Daphne and Zoe Merkin
Zoë and Daphne Merkin
By Daphne Merkin
Despite all the felling of taboos that characterizes contemporary life, it seems to me that sexual awakening is still a highly individualistic and self-conscious process, one that is hard to convey to the next generation simply through two or three nuggets of good counsel. My own mother, for instance, an Orthodox German-Jewish immigrant to these shores, mostly proceeded on the assumption that ignorance would take care of itself—which conviction she interspersed with occasional, somewhat primitive, and deeply unromanticized references to the act itself. But she was also the least pious of women, and once, when I was in my early 20s and expressing some ongoing fear of defloration, she said exasperatedly, "Stop acting like the Virgin Mary!"

I have taken a somewhat different route with my own daughter, who is 19 years old and an only child. Perhaps because I have written extensively about erotic life and at some point she became aware of this (notwithstanding the fact that she sedulously avoids reading anything I write), I have always been open to her inquiries and not shy about putting in a word or two about my own experience. I don't think I have pushed her in any direction other than the one she feels is best suited to her, however, except for emphasizing that desire is a two-way street—something that seems particularly, tragically lost on this generation of teenage girls, who seem set on pleasing boys without giving much thought to their own wishes.

This aspect of youthful sexual interaction at this cultural moment was brought home to me one Saturday night during my daughter's senior year in high school, when a bunch of her friends had gathered in our kitchen over orders of Chinese takeout for one of their impromptu and endless girl talks. I knew enough not to intrude on these sessions—and in case I didn't know, the glass door to the kitchen had been firmly shut—so I was especially surprised when I was invited in to render my opinion concerning the crucial matter under discussion: Was oral sex more or less intimate than sleeping with a boy? I was somewhat taken aback at the specifics of the question (God knows, it was not something I would have thought to ask my own mother, nor was it an issue that reared its head for my generation with such precocious urgency), but I was flattered to be included in the conversation.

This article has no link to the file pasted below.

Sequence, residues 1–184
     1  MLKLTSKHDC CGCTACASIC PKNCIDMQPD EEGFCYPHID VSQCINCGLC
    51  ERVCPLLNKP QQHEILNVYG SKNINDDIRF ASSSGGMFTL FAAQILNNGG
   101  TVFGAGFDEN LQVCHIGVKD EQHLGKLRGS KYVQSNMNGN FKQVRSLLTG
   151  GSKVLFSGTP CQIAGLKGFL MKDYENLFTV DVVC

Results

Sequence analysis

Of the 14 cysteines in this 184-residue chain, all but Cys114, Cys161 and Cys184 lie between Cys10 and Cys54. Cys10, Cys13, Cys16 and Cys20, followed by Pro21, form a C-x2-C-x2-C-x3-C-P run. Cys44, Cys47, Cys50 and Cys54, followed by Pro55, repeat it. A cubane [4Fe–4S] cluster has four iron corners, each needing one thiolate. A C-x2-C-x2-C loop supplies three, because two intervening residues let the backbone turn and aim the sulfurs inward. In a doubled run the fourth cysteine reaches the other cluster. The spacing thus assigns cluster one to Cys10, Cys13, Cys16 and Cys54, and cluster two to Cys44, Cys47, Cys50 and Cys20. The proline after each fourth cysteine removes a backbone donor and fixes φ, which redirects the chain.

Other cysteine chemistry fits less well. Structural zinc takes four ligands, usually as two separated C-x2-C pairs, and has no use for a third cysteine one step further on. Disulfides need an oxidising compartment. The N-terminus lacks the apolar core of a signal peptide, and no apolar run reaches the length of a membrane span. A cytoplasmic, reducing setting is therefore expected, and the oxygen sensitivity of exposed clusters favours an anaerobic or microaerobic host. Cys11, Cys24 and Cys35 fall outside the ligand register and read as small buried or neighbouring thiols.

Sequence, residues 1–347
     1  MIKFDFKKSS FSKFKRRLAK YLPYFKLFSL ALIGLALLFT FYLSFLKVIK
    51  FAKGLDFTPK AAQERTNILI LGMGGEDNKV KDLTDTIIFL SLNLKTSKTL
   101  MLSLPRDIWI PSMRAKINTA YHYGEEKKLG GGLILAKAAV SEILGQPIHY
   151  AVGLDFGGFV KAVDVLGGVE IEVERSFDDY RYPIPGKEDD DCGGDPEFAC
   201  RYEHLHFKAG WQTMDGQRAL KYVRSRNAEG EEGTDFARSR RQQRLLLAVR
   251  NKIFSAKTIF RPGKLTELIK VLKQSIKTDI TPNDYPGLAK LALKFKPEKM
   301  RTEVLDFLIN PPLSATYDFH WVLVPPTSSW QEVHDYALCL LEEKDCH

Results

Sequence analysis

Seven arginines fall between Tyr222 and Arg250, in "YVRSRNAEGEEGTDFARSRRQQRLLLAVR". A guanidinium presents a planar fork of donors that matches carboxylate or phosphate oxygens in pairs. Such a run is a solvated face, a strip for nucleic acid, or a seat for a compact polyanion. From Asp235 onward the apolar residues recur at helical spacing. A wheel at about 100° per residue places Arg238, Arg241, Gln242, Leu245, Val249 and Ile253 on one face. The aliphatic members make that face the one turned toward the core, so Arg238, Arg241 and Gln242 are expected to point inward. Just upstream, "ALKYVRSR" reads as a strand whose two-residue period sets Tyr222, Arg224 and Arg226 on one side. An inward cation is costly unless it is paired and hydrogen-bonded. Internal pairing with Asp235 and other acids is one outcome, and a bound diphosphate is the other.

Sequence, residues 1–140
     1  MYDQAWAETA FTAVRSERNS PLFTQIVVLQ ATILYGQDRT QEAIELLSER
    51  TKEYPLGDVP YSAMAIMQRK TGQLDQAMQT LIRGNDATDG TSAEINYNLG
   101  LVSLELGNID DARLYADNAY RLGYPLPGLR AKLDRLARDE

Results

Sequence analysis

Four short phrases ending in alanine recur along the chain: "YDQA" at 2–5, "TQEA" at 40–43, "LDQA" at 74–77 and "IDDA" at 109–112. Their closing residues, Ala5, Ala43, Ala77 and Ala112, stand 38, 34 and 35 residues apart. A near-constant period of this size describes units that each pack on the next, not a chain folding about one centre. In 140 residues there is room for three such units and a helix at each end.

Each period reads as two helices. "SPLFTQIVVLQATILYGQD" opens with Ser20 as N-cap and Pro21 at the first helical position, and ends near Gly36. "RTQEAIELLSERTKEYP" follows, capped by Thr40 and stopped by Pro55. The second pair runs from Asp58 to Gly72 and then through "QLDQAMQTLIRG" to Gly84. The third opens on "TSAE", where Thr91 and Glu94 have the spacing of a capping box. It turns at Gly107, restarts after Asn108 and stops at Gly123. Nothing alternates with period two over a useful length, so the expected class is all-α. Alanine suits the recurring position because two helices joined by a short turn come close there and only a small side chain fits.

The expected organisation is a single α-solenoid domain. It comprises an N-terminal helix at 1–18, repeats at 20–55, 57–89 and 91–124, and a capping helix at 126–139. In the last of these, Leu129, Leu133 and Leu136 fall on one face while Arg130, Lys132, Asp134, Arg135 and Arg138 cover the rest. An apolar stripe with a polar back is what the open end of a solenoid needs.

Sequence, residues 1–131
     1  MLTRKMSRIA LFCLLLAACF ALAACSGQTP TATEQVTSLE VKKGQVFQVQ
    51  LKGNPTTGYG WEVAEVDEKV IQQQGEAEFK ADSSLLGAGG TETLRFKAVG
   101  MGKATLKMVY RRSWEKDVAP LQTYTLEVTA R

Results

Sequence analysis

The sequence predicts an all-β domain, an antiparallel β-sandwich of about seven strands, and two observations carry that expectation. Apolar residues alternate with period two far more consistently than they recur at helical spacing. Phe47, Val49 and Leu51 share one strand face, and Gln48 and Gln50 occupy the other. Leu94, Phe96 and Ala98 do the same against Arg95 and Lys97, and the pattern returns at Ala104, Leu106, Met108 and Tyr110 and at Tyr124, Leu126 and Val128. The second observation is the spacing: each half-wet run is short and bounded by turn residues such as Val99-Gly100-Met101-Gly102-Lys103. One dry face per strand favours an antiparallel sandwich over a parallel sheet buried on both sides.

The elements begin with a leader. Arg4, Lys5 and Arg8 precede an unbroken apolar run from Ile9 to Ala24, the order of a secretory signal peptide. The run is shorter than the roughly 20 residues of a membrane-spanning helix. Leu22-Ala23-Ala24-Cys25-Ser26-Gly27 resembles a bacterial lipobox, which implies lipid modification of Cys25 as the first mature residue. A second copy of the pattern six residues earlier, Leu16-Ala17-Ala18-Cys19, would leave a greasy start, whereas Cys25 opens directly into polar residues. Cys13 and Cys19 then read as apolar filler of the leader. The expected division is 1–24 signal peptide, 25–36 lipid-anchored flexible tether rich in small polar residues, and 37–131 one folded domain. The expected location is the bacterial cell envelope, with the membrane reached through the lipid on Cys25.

What ensued was a kind of roundtable discussion in which seven thoughtful 17- and 18-year-olds described their feelings about romance versus sexual compliance, the wonder of a good long smooch versus the unease of performing fellatio on a virtual stranger and not being sure exactly what to do. I listened and occasionally asked a question—What would happen if one or the other of them didn't go along with the expectation that they were available for advanced tongue-work? Would it put them out of the running?—or inserted a quasisociological comment, such as how for the longest time (until after the '60s sexual revolution) married men went to mistresses for oral sex.

As the hour grew late and the kitchen table became covered with layers of dishes and candy wrappers, we seemed to have arrived at a greater understanding of the complexities of sexual arousal and longing and the pressure to conform, but no definite conclusions. I put in a final word for the pleasures of real intimacy—of waiting to see whether you actually liked the boy before rushing to "service" him so he would call you again—over the quick fix of hooking up and acting like a professional call girl.

As far as I know, most of these girls have gone on to the de rigueur freshman loss of virginity, while my own daughter, bless her ever-romantic soul, is still waiting for true love to strike her down before opening herself up to more sophisticated carnal joys.

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